Food allergy, food intolerance, food hypersensitivity

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Humans suffer from a wide variety of disorders that seem to have no identifiable cause.

More than ever, medical science is implicating foods, often good foods, as the instigators.

The link between diet and suffering can be severed. Know the enemy -- it comes in many disguises!

[Editor's note: The following questions and answers (and the articles that follow) were obtained through personal interviews with authorities in the medical field, authors of treatises on the subject, and references to scientific textbooks.]

Q: There seems to be general agreement on the subject of food reactions. Many foods affect people in various ways. How would you define the various categories?

A: Food allergy is an abnormal immunological reaction in which an individual's immune system overreacts to foods that are ordinarily harmless. The part of a food to which a person reacts is usually a protein and is called an allergen.

Reaction may occur minutes or hours after the food is eaten. Because the immune system proliferates in particular areas, one or several organ systems may be affected, such as skin, lips, tongue, nausea, cramps, sneezing, coughing, chest tightness, shortness of breath, and wheezing may follow.

The most dangerous allergic reaction is anaphylaxis (life-threatening respiratory distress). It may affect any body system.

Food intolerance is a nonimmune reaction to food or food additives. Examples of food intolerances include reactions to mono-sodium glutamate (MSG), tyramine in cheese, caffeine in coffee, sulfites in wine, phenylethylamine in chocolate, or milk and its products in the case of someone. who has a genetic lactase deficiency.

Food hypersensitivity can be attributed to the ingestion of chemicals added to or sprayed on foods. Herbicides, fungicides, insecticides, natural gas residues; antimicrobials, antibiotics, hormones, artificial flavorings, artificial colorings, texture modifiers, and packaging plastics are examples of food and water contaminants that can set off hypersensitivity reactions in vulnerable individuals.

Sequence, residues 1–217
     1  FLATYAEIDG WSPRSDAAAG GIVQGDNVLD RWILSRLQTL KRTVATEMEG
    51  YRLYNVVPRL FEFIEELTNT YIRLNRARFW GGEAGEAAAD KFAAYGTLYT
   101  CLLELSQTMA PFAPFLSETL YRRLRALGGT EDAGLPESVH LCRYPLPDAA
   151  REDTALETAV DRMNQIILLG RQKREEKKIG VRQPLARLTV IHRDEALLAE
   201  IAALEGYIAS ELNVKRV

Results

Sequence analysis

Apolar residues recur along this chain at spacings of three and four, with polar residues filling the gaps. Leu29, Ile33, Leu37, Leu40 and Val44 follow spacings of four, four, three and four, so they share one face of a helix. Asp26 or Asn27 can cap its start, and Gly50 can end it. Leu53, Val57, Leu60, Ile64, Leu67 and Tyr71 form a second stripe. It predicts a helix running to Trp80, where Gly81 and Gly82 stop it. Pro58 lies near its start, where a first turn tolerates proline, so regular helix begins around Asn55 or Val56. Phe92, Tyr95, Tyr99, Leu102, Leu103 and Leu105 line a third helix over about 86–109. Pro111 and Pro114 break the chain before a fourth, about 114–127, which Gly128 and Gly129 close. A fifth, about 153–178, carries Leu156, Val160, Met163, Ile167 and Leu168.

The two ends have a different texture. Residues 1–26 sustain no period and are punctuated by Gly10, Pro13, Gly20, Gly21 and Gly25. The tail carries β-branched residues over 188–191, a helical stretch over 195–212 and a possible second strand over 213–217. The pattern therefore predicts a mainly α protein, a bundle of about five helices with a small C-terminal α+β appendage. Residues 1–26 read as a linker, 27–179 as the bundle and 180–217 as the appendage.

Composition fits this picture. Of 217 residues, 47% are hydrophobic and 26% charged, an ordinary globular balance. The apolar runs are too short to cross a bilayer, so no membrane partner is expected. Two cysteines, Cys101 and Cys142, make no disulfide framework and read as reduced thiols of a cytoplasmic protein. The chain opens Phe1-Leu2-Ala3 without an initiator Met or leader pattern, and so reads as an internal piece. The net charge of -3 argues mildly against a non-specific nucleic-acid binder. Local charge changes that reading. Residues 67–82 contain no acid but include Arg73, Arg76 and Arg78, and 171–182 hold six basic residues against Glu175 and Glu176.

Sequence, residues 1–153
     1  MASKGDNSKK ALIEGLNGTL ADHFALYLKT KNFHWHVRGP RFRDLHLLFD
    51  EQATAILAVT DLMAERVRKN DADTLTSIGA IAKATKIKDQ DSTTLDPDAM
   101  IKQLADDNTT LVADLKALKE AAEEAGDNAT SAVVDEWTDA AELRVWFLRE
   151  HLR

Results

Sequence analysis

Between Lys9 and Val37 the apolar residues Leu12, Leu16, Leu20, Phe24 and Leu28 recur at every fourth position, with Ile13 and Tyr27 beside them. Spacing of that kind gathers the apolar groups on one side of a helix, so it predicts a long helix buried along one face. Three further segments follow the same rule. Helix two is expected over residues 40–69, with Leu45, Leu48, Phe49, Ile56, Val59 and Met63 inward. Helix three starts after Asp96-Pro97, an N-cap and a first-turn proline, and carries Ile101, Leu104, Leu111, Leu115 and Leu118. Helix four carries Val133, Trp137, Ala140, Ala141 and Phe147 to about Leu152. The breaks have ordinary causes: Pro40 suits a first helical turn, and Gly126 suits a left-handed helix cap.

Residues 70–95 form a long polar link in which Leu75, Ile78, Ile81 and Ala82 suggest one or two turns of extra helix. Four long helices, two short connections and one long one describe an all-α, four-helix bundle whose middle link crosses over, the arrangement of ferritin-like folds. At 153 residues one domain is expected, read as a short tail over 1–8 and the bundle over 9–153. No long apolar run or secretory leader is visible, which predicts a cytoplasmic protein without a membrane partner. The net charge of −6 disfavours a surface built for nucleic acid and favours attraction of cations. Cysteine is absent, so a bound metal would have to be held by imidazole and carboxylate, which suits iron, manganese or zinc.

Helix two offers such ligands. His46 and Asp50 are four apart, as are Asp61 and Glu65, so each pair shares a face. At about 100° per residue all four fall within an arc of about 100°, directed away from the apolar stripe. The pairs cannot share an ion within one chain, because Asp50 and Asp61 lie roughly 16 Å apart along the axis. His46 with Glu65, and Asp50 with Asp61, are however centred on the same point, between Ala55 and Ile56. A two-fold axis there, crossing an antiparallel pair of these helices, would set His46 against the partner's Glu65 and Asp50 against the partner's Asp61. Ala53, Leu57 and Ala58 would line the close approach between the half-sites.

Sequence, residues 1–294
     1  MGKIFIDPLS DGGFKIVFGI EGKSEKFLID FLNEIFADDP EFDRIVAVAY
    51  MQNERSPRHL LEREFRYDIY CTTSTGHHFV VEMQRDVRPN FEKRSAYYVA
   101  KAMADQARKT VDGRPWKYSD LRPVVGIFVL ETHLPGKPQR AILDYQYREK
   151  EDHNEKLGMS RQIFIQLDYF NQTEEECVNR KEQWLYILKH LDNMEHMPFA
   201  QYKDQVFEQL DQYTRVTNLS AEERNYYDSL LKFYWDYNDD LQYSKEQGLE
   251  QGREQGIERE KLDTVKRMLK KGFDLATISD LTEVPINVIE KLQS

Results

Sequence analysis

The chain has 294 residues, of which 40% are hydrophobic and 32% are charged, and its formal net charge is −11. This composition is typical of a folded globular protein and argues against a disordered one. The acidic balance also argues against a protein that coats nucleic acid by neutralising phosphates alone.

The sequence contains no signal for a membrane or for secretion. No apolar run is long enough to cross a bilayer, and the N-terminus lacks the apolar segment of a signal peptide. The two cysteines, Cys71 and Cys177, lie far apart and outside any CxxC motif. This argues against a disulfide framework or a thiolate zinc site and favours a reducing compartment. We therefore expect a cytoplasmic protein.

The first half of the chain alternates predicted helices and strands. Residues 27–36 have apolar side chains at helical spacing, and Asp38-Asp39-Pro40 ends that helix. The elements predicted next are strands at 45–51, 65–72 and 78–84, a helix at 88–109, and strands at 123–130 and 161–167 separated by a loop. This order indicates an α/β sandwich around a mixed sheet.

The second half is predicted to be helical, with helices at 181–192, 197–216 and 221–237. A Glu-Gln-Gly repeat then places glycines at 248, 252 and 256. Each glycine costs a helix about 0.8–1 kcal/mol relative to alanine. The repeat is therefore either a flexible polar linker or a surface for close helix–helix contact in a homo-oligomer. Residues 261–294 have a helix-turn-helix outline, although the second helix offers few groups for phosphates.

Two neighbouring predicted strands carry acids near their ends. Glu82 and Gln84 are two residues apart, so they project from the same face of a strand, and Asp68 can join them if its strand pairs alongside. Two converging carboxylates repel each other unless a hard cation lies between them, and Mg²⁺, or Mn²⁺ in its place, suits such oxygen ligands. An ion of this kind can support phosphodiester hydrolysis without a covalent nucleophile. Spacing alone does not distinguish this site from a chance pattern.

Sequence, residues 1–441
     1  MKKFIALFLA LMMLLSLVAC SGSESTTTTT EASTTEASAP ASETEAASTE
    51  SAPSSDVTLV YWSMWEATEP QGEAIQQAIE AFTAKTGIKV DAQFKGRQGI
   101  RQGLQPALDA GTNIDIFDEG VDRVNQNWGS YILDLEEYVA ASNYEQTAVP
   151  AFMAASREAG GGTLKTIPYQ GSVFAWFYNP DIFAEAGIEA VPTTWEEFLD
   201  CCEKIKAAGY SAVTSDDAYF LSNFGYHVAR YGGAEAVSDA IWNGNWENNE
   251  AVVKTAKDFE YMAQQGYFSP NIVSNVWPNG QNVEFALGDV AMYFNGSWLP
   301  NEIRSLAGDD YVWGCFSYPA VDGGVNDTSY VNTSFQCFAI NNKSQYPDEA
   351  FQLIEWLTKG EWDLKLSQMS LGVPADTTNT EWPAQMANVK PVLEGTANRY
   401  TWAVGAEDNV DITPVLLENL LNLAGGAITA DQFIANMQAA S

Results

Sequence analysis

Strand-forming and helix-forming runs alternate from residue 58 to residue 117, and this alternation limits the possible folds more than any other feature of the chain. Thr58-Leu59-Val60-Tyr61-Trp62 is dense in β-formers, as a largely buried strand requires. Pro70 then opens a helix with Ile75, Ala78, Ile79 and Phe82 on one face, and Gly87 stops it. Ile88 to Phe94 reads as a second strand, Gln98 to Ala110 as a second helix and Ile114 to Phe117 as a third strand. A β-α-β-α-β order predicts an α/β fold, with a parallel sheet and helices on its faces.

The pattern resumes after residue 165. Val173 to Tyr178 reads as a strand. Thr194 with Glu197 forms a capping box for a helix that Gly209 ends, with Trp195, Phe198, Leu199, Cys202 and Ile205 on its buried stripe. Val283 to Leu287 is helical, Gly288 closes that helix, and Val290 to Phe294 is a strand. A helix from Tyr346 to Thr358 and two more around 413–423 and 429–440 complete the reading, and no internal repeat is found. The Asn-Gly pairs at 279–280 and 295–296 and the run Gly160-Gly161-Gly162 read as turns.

Intentional food and water contaminants make up a long list (noted in articles that follow).

The dividing lines between food allergy, food intolerance, and food hypersensitivity are not always clear, except that food allergy is usually the immune system's reaction to the provocation by a particular food.

Q: How do drugs and the plants from-which many medications originate affect foods we eat?

A: Pharmacological reactions to foods often contribute to the discomforts of food intolerance. Caffeine is a significant example.

Caffeine is categorized in the drug family of methyl xanthine (also present in the kola nut in West-Africa and the cocoa bean in Mexico, and, to a lesser extent, in cola drinks).

Coffee, however, contains more than 300 substances in addition to caffeine. It would be unfair, therefore, to attribute all reactions to drinking large quantities of coffee to caffeine.

Coffee is shrouded in a cloud of danger. When it made its first appearance in the American continent, coffee was considered an intoxicant and often its use was suppressed. In some countries throughout Europe, coffee is banned in competitive sports.

For some people, reactions to heavy coffee drinking include insomnia, palpitations, headaches, gastrointestinal disturbances, restless leg syndrome, hyperventilation, breathlessness, fatigue, and chest pains.